The Dutch chamber of commerce generated revenue of more than €3.3m in the last six years when it bundled and sold details of companies, mostly to direct marketing firms.
The Kamer van Koophandel (KvK) ‘adressenbestand online’ service, selling masses of data, had led to complaints about nuisance calls and breaches of privacy, particularly from freelancers. Although tough European data protection regulation came into effect on May 25, 2018, the product was not withdrawn until more than a year later.
Sole traders are legally obliged to register their details with the KvK. If they have no office, they have to register a personal address, and if they have no landline, a mobile number: these are made publicly available, for payment, as part of Dutch business probity law.
But privacy watchdogs and a privacy lawyer have told DutchNews.nl that the KvK could face legal action for a historic breach of privacy for the mass data sale product, and is continuing to breach the privacy of freelancers in their opinion by making personal data available for sale.
Marieke Berghuis, attorney at law at bureau Brandeis, told DutchNews.nl that there could be a case for a claim for the mass sale of data, under GDPR legislation. ‘We believe this in principle could be possible when conditions that are currently clarified in case law, are met,’ she said.
‘The GDPR explicitly states that any person who has suffered material or non-material damage as a result of an infringement of the GDPR shall have the right to receive compensation from the controller or processor for the damage suffered.’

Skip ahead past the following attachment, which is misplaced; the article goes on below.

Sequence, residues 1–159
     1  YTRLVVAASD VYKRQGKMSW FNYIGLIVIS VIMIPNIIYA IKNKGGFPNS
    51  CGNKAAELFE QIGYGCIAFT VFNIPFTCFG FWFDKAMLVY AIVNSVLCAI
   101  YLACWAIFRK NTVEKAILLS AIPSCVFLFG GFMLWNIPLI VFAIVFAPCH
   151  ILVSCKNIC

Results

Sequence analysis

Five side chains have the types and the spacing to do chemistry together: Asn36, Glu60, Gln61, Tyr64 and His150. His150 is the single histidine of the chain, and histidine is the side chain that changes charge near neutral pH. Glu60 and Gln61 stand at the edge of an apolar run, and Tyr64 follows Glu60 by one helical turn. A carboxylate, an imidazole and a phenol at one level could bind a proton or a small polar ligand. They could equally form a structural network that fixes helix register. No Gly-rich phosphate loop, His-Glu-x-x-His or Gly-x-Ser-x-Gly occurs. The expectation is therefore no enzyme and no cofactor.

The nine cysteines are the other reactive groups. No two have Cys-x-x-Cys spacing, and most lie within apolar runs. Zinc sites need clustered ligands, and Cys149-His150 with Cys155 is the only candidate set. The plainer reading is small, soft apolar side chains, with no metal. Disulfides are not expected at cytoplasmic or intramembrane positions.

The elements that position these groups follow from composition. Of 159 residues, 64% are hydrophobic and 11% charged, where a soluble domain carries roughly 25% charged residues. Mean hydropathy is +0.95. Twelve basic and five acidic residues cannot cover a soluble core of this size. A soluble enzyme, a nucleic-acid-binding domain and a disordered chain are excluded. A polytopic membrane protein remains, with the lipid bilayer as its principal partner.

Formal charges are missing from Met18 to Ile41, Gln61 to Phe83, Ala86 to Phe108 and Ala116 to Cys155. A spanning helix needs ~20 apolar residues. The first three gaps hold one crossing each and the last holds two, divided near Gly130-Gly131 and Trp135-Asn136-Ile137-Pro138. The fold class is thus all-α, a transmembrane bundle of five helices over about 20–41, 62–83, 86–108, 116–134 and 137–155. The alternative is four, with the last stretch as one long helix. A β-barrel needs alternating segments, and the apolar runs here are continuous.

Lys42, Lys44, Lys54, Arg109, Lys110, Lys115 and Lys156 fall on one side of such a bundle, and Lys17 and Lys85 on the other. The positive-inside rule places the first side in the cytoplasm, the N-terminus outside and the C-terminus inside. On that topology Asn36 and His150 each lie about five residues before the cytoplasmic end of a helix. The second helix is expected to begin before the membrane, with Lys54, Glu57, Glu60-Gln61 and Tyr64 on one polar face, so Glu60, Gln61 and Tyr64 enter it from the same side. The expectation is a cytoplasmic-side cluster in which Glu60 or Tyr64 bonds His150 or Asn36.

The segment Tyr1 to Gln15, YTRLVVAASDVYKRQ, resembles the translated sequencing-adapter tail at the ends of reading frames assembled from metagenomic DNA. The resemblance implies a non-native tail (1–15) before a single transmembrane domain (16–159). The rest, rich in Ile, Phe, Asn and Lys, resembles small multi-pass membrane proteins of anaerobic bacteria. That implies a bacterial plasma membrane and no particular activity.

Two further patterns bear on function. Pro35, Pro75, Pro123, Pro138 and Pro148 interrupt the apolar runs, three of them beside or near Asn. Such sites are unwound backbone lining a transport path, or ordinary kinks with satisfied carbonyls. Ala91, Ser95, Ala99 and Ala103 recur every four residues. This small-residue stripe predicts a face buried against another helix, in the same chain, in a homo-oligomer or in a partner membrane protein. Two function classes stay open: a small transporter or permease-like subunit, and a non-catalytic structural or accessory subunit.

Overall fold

She added that according to article 51 of Dutch commercial register degree of 2008, freelancers have a right to shield their addresses if they have no publicly-listed landline, among other factors. Dutch telecommunications law is, in any case, changing on July 1 so that people have to ‘opt in’ to receive calls from organisations such as telemarketers.
‘Where the Kamer van Koophandel sells personal data of sole traders, this processing activity should have a legal basis, as required in the GDPR,’ added Berghuis. ‘However, the AP [Dutch Data Protection Authority] concluded that for the selling of other products than “uittreksels” and “inzage”, a legal obligation that could form a legal basis as required in the GDPR does not exist.
‘The central objective of the Handelsregisterwet is the legal certainty in trade. When products are offered that solely benefit the Kamer van Koophandel or the profit of a certain company, the AP confirmed that these purposes cannot be considered compatible with the initial purpose of legal certainty.’
In its last annual report, the KvK listed ‘reputational damage, claims and/or fines’ due to ‘open data developments’ as top of the list of risks it faces. The agency does not structurally aim for profit but carries out government functions by enacting trade laws. According to the report, however, its four top functionaries had annual compensation packages worth more than €175,000 each per year. Dutch prime minister Mark Rutte has an annual salary of €170,910.
A spokesman for campaign group Bits of Freedom, which has been campaigning with the Open State Foundation to better protect people’s private details from open public access, said he hopes more change will come quickly to protect sole traders.
‘There was a situation where the Kamer van Koophandel, like a sort of commercial organisation, sold data in bulk to energy companies and annoying call centres,’ he said. ‘This has been stopped, which is good news, although it won our Big Brother award for the biggest privacy breachers.